Nanny State

CDC to Women: Don't Drink. Or Take Antidepressants. Or Forget Your Folic Acid. Or Treat Pain.

The new guidelines on alcohol consumption for young women are silly, but the CDC has been issuing similar rules for years.



The Internet is freaking out today over a recommendation from the Centers for Disease Control and Prevention (CDC) that women of childbearing age who are not on birth control should abstain from alcohol, lest they unknowingly damage their hypothetical progeny.

USA Today reported:

"Alcohol can permanently harm a developing baby before a woman knows she is pregnant," said Anne Schuchat, principal deputy director of the Centers for Disease Control and Prevention. "About half of all pregnancies in the United States are unplanned, and even if planned, most women won't know they are pregnant for the first month or so, when they might still be drinking. The risk is real. Why take the chance?

Which makes now a good moment for a reminder that this is hardly the first time the CDC has treated women as irresponsible potential baby-porters.

A quick note: The suggestions below are scientifically sound—more so, I would guess, than the booze recs. (For more on that, check out Jacob Sullum's "Drink Up, Moms!" or Emily Oster's excellent book, Expecting Better.)

I actually did take folic acid for years before I became pregnant. (Thanks, mom!) People who are on antidepressants should talk to their doctors about all the ramifications, including on an unplanned pregnancy. 

But that doesn't change the fact that there is something profoundly creepy about a government agency officially telling women to forgo pleasurable or life-improving choices solely on the basis of their status as the theoretical mothers of the nation's children.

OK, let's get to the nanny statism!

For starters, everyone with functional ovaries should be popping folic acid like T.I. is popping bottles.

The U. S. Public Health Service and CDC recommend that all women of childbearing age consume 0.4 mg (400 micrograms) of folic acid daily to prevent two common and serious birth defectsspina bifida and anencephaly.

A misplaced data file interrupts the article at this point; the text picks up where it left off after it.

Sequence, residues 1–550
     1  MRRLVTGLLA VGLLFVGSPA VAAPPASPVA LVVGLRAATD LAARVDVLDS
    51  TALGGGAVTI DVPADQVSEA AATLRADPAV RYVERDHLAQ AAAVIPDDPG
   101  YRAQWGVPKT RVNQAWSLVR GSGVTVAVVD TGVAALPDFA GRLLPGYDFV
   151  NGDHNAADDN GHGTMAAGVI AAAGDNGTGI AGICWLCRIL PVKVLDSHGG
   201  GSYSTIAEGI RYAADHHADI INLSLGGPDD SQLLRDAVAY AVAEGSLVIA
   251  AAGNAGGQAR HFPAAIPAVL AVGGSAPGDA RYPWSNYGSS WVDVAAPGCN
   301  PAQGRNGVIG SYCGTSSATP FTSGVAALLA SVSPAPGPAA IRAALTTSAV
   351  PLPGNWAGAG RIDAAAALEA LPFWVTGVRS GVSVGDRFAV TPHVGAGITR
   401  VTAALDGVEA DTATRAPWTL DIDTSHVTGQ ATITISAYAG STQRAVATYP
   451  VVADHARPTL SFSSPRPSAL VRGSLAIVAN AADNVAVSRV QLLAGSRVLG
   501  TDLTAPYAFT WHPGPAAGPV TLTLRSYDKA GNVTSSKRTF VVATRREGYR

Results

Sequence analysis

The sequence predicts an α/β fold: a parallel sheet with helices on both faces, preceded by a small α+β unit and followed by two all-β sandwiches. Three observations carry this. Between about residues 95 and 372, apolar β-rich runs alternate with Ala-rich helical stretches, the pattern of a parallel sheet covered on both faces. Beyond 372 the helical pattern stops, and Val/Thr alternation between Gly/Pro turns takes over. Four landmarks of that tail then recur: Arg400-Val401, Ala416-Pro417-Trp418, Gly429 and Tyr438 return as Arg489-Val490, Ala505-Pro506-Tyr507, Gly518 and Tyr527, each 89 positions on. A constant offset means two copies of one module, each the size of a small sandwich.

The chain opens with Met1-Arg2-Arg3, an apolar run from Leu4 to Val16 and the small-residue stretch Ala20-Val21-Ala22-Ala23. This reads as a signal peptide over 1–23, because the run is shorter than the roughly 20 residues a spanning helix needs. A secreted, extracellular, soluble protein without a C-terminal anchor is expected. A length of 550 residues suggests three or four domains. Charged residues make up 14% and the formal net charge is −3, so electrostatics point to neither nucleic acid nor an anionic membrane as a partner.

All women between 15 and 45 years of age should consume folic acid daily because half of U.S. pregnancies are unplanned and because these birth defects occur very early in pregnancy (3-4 weeks after conception), before most women know they are pregnant.

Then, of course, as CDC honcho Thomas Freidan reminded us last year in a news release titled "Opioid painkillers widely prescribed among reproductive age women," doctors of women who are in pain should reconsider treating that pain with opioids, lest they damage a hypothetical future human:

"Taking opioid medications early in pregnancy can cause birth defects and serious problems for the infant and the mother," said CDC Director Tom Frieden, M.D., M.P.H.  "Many women of reproductive age are taking these medicines and may not know they are pregnant and therefore may be unknowingly exposing their unborn child.  That's why it's critical for health care professionals to take a thorough health assessment before prescribing these medicines to women of reproductive age."

Next, think twice about those antidepressants, ladies! Because (again) you're probably pregnant right now, as a new study in the CDC's Mortality and Morbidity Weekly Report noted just this week. One of the authors told CNN:

"Early pregnancy is time that is critical for baby's development and because so many women may be taking medications without knowing they are pregnant, we wanted to get a better sense of trends of antidepressant use of all women of reproductive age," said Jennifer N. Lind, epidemiologist in the CDC's Birth Defects Branch.

To be fair: This report was presented with much more nuance than the alcohol study, with headlines like "Women need better info about pregnancy and antidepressants," perhaps because antidepressants do not stimulate the same puritanical impulses as alcohol and opiates.

Pain meds, antidepressants, and booze carry risks for everyone. Having government officials ask "Why take the chance?" about women of reproductive age in particular suggests that there are no legitimate upsides to balance the equation.